“… They were prepared to sacrifice everything for freedom even though freedom’s fullness was denied to them.” – President William J. Clinton remarks from Medal of Honor ceremony honoring Black soldiers of World War II, January 13, 1997
Sergeant Edward A. Carter Jr. was a career soldier who lived a life of humble service. His actions in World War II that went above and beyond the call of duty were unrecognized until 1997, 34 years after his passing.
Carter was born on May 26, 1916, in Los Angeles. The son of evangelists, he spent his childhood in India. In 1927 after his mother, Mary, left her husband and three young children, the elder Edward Carter decided to move the remaining family members back to the United States. However, they were forced to disembark their ship in Shanghai after the youngest, William, was suspected of contracting typhoid. The Carter family did not return to the U.S. and instead remained in China.
In China, Edward Carter Jr. attended a military academy, and in 1932 when the Japanese attacked Shanghai he volunteered to fight. After a month of combat the elder Carter intervened, and had his son pulled off the front lines. When Italy invaded Ethiopia in 1935 the younger Carter, by then a lieutenant, appealed to the American consulate in Shanghai to send him to fight. His request was denied, and instead he was sent to work a merchant marine job. The next months he spent traveling the seas before eventually ending in Los Angeles.
Back in the U.S., Carter found it hard to secure employment. During the Great Depression work was sparse, especially for Black men. News of the Civil War in Spain caught his attention, and he made his way toward the fight. In Spain he joined the Abraham Lincoln Brigade; with his military education and combat experience he was better prepared for the fight than most of the soldiers alongside him. Following the Loyalist defeat in Spain Carter returned to California.
In 1941, Carter, already a seasoned soldier, enlisted in the U.S. Army. Despite the racism he faced in the military he excelled and quickly earned the rank of Staff Sergeant. As World War II continued and the need for infantrymen increased, Black soldiers who previously were not allowed in combat were able to join segregated units commanded by white officers. Carter immediately volunteered, and complied with the condition that his rank be reduced to Private.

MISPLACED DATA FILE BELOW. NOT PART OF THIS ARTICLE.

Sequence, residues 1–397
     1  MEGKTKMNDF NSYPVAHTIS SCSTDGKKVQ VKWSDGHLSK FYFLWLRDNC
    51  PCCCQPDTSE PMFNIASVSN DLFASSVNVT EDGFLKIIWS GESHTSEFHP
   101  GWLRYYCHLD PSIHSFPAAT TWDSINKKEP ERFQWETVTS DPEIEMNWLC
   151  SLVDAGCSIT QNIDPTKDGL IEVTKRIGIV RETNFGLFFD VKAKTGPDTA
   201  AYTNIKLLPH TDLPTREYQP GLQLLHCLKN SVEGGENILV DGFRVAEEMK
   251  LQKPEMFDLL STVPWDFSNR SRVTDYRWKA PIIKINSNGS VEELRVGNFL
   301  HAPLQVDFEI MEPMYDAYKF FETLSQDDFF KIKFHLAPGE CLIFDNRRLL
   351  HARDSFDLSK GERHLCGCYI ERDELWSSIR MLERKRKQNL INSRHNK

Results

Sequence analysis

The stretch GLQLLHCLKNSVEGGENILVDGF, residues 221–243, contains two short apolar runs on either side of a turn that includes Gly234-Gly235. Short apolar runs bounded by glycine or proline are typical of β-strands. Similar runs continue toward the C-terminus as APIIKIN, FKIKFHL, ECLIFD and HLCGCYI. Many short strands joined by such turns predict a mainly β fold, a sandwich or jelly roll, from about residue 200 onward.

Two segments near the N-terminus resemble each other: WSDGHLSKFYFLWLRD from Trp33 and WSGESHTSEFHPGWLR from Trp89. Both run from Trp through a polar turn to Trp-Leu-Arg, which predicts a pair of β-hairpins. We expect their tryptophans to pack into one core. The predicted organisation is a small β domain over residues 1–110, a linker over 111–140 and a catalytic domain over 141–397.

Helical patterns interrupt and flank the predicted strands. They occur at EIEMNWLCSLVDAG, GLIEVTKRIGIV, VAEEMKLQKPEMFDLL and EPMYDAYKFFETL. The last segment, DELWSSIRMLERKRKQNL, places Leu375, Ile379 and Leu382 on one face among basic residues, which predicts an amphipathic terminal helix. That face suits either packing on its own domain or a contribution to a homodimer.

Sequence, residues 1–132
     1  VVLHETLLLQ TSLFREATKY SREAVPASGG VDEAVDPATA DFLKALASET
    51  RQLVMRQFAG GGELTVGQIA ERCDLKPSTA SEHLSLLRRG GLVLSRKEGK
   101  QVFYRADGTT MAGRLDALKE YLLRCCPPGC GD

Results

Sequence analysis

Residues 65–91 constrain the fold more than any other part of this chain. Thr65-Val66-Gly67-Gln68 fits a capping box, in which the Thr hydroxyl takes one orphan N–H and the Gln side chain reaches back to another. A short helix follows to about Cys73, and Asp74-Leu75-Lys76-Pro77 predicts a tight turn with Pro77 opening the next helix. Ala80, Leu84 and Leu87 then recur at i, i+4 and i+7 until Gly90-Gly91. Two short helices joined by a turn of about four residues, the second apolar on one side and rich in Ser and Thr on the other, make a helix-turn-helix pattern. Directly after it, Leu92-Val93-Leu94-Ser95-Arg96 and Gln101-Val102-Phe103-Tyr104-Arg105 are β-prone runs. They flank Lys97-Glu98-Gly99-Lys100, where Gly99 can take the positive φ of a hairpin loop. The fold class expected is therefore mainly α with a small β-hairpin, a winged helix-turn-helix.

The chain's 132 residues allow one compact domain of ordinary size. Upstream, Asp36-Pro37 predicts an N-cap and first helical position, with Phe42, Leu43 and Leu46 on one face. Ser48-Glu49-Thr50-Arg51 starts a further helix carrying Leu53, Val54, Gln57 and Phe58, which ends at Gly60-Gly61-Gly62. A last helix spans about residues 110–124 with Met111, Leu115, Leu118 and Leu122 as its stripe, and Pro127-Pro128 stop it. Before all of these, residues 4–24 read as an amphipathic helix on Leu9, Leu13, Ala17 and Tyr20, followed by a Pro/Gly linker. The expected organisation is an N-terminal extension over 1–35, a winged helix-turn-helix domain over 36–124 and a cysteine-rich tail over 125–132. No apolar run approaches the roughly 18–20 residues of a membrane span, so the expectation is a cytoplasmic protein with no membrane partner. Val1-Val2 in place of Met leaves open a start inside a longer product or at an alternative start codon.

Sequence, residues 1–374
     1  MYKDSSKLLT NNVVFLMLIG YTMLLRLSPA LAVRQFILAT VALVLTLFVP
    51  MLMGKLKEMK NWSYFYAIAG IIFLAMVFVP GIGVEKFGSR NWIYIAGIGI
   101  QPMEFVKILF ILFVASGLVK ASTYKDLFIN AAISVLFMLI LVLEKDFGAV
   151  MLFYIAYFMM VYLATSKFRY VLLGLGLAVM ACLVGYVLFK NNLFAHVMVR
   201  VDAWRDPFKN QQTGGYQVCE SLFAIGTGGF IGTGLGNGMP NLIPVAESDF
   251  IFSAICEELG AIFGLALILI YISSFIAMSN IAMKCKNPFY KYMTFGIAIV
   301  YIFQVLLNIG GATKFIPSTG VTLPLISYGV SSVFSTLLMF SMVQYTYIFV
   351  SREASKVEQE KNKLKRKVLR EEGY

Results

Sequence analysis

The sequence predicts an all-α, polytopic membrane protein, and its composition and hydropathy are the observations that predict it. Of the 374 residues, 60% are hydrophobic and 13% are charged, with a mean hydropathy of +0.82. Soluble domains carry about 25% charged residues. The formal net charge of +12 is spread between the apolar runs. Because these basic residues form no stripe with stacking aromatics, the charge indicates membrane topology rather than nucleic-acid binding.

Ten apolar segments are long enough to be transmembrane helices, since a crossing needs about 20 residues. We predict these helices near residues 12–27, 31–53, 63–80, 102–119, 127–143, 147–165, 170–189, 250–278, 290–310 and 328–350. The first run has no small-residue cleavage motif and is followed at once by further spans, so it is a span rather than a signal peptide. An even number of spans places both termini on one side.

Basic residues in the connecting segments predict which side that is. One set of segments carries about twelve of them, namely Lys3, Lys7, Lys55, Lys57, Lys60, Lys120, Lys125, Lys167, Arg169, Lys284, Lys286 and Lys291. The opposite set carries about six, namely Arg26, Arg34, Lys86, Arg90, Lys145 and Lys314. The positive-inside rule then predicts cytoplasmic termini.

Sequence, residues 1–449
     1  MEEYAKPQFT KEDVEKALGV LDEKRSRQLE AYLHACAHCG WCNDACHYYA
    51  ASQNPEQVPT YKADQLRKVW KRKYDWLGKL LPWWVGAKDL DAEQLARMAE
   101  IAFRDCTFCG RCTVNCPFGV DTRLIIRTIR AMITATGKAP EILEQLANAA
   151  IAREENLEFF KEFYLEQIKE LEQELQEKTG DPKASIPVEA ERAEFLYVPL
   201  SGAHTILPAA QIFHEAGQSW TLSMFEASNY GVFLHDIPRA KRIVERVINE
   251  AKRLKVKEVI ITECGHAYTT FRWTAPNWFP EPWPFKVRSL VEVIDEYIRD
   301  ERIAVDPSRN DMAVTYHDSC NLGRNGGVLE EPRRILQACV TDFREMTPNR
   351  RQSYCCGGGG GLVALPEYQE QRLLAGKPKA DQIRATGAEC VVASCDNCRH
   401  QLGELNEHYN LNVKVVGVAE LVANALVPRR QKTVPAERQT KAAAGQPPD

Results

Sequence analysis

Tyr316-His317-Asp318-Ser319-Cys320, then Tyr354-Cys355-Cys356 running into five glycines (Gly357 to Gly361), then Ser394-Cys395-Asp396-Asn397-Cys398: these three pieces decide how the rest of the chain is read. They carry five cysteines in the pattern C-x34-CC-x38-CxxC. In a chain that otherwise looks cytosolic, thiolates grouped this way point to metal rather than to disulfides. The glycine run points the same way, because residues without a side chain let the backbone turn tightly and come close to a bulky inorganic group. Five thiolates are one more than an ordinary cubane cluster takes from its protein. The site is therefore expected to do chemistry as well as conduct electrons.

On March 23, 1945, the Fifty-sixth Armored Infantry Battalion was advancing on Speyer, Germany, when they came under fire from a large warehouse. Carter volunteered to lead three men to scout the 150 yards between the battalion’s position and the warehouse. As the group left their covered position one man was killed. When Carter ordered the others to move back, another was killed and the third wounded. Sergeant Carter was hit three times in his left arm but continued advancing alone. He was wounded in his left leg and stopped to tend to his wounds and was shot again in his left hand. Despite his multiple wounds, Carter continued crawling towards his target. He was within 30 yards of the enemy when the incoming fire became so heavy, he was forced to take cover for two hours. Eight enemy soldiers left their position to attempt to take him prisoner. Carter killed six of the enemy soldiers, and captured the remaining two, which he used as shields to make his way back to the American lines.
Carter refused medical aid until he could relay the critical information he learned while interrogating the captured Germans. Carter’s solo assault eliminated the obstacle and allowed for the troops to continue into the Rhineland.
After World War II Carter returned to the U.S. and served in the California National Guard and the Provost Office at Fort Lewis, facing the rampant racism of a racially segregated country. In 1949 the career soldier was denied reenlistment after false accusations of suspected communist ties. On Jan. 30, 1963, he died at the age of 46 of lung cancer.
Carter died before his actions received the recognition they merited. In 1997, following government research into Black World War II soldiers denied consideration for the Medal of Honor, Sergeant Edward Carter was one of seven Black soldiers to finally be recognized. That same week he was re-interred in Arlington National Cemetery.